Well, a spankin' new semester has managed to wriggle itself around my time, all my time, and I'm sure that it's managed to find everyone at BSU and Peercentered, too. Although a bit overwhelmed with my current class schedule, I find that I am very excited about escaping into the warmth of writing center. Truth is, I missed it while on the (super, super) short Christmas vacation. Needless to say, I'm happy to get back into consulting.
Perhaps I am so excited about it because it's almost like returning to something familiar, only to discover that your perspective's a bit different. I stopped by the center a few times last week--to fill out paperwork, etc--and, to my surprise, it felt a bit like the first time that I saw my childhood bedroom after moving away from home. No, the center didn't look significantly smaller, at least not the front area, but it all felt really different. I took me a few hours to fully realize WHAT seemed so "off" to me, but I think that I might be able to articulate "it," now.
When I first began consulting, I had no idea what was ahead of me; I had no draft of myself, as a consultant, to--well, consult in times of confusion. I felt lost, overwhelmed at first, and the experiences that I did have to reference were not my own. We spent the first month, or so, of our tutoring class reading about other's experiences and theories--that was all that most of us had to lean upon when entering consultations and attempting to establish our own consultant personas. Often I found myself wishing I could be more carefree like Bouquet, or more writer-conscious like Sherwood. The further I got into the semester, and the more writers that I talked with, the more I was forced to move away from those experiences and theories of others--I was forced to begin forming my consultant-self from within.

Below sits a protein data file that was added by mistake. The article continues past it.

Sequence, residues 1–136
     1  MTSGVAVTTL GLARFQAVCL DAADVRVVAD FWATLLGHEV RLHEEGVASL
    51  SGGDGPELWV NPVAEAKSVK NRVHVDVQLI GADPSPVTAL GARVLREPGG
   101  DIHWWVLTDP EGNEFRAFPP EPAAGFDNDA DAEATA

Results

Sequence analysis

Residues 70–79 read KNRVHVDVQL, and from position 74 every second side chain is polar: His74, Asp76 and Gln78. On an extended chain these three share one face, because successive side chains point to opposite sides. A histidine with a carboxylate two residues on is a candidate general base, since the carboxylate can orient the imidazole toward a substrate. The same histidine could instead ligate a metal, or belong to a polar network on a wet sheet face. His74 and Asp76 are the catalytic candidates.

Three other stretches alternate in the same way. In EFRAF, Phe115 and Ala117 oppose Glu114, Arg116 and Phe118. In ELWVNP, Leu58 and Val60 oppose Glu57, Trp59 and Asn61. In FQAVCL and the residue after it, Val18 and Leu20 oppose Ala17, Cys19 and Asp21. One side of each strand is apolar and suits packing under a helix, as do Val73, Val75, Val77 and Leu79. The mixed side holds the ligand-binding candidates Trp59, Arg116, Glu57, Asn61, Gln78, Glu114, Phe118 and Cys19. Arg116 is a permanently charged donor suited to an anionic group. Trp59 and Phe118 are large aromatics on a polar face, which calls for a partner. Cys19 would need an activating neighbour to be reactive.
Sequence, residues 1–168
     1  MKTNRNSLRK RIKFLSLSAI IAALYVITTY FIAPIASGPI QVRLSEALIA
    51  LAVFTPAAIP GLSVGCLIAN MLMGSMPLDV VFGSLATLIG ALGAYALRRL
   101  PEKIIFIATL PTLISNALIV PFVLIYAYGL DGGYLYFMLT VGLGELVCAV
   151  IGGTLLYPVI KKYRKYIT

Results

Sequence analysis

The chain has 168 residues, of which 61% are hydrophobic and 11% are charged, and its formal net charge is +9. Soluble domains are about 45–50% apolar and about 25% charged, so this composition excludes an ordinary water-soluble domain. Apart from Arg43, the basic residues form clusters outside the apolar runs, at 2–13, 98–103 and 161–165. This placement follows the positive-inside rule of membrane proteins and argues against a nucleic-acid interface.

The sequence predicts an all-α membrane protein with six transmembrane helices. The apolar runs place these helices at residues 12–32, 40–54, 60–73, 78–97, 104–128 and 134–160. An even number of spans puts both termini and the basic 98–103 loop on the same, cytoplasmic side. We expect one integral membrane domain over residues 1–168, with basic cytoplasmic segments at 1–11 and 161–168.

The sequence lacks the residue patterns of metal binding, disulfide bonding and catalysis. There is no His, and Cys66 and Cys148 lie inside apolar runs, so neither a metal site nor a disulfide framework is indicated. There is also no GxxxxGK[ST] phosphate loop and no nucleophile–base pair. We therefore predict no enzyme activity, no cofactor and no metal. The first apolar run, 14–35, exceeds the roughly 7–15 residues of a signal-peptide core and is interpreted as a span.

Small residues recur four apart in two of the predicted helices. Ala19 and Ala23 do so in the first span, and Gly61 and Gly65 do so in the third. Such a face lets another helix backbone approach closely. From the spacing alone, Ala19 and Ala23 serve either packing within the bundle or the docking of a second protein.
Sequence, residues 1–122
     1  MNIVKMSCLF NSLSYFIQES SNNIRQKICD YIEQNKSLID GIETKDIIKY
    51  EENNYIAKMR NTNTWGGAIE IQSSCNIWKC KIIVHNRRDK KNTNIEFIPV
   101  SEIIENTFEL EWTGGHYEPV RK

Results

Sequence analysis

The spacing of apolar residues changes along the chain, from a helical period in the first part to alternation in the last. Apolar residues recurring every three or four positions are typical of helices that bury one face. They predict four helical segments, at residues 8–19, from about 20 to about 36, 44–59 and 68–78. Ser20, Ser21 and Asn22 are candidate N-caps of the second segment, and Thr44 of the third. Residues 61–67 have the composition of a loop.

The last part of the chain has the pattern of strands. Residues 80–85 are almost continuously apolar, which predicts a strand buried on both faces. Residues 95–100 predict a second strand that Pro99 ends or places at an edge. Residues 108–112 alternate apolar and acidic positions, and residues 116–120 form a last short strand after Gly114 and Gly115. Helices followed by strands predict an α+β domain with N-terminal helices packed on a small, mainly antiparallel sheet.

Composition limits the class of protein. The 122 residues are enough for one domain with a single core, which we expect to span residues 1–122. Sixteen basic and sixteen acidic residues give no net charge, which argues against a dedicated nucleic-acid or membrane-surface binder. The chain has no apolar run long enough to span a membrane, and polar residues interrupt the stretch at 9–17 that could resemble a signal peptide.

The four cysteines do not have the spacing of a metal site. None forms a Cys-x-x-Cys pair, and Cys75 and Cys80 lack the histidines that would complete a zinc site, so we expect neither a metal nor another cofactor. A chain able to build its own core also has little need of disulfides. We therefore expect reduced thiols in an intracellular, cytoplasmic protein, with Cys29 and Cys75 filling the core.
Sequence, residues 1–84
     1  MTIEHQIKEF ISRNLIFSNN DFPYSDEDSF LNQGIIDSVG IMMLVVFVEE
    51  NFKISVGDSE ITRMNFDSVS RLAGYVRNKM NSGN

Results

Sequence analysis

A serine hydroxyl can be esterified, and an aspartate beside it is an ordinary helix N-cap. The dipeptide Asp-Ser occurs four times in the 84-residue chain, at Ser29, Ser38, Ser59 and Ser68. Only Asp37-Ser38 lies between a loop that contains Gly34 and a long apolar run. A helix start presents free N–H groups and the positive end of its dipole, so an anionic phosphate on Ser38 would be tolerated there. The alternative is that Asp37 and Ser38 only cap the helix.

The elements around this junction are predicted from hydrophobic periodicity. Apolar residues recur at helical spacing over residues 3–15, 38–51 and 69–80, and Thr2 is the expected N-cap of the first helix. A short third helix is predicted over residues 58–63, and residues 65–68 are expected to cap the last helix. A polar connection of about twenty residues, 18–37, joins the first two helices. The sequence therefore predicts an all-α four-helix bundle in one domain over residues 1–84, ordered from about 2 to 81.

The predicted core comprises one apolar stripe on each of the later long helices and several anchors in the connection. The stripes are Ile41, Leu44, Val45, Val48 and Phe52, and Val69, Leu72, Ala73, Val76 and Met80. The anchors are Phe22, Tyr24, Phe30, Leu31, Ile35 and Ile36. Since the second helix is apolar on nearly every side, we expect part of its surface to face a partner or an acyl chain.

I began looking at myself, at my actions, and at my writings critically in order to figure out how I operate as a consultant. Although it was difficult at first, I found that looking at myself in this way was beneficial and exciting. I began to form my own experiences and my own theories--and these eventually lead to the first writing portfolio that I was TRULY proud of. In other words, I feel as if I grew not only as a consultant but also as a writer over that last semester.
Perhaps what I'm trying to illustrate is that when I reentered the writing center last week, I was looking at it through the eyes of a consultant---perhaps for my first time, ever. I feel excited because I have MY experiences, and MY theories in which I, now, feel totally capable of applying to my sessions--and to my personal writings, too. I feel energized, I suppose, at the thought of actually being myself while doing something that I do really enjoy. Although I still do have a long way to go on my quest to figure this whole consultant-thing out, at least I've gained the knowledge, and the courage, needed to pursue it...
Am I alone on all this?
While I admit I was once intrigued by the prostitute-consultant analogy, not by what Scott Russell had to say about it but by some of the id...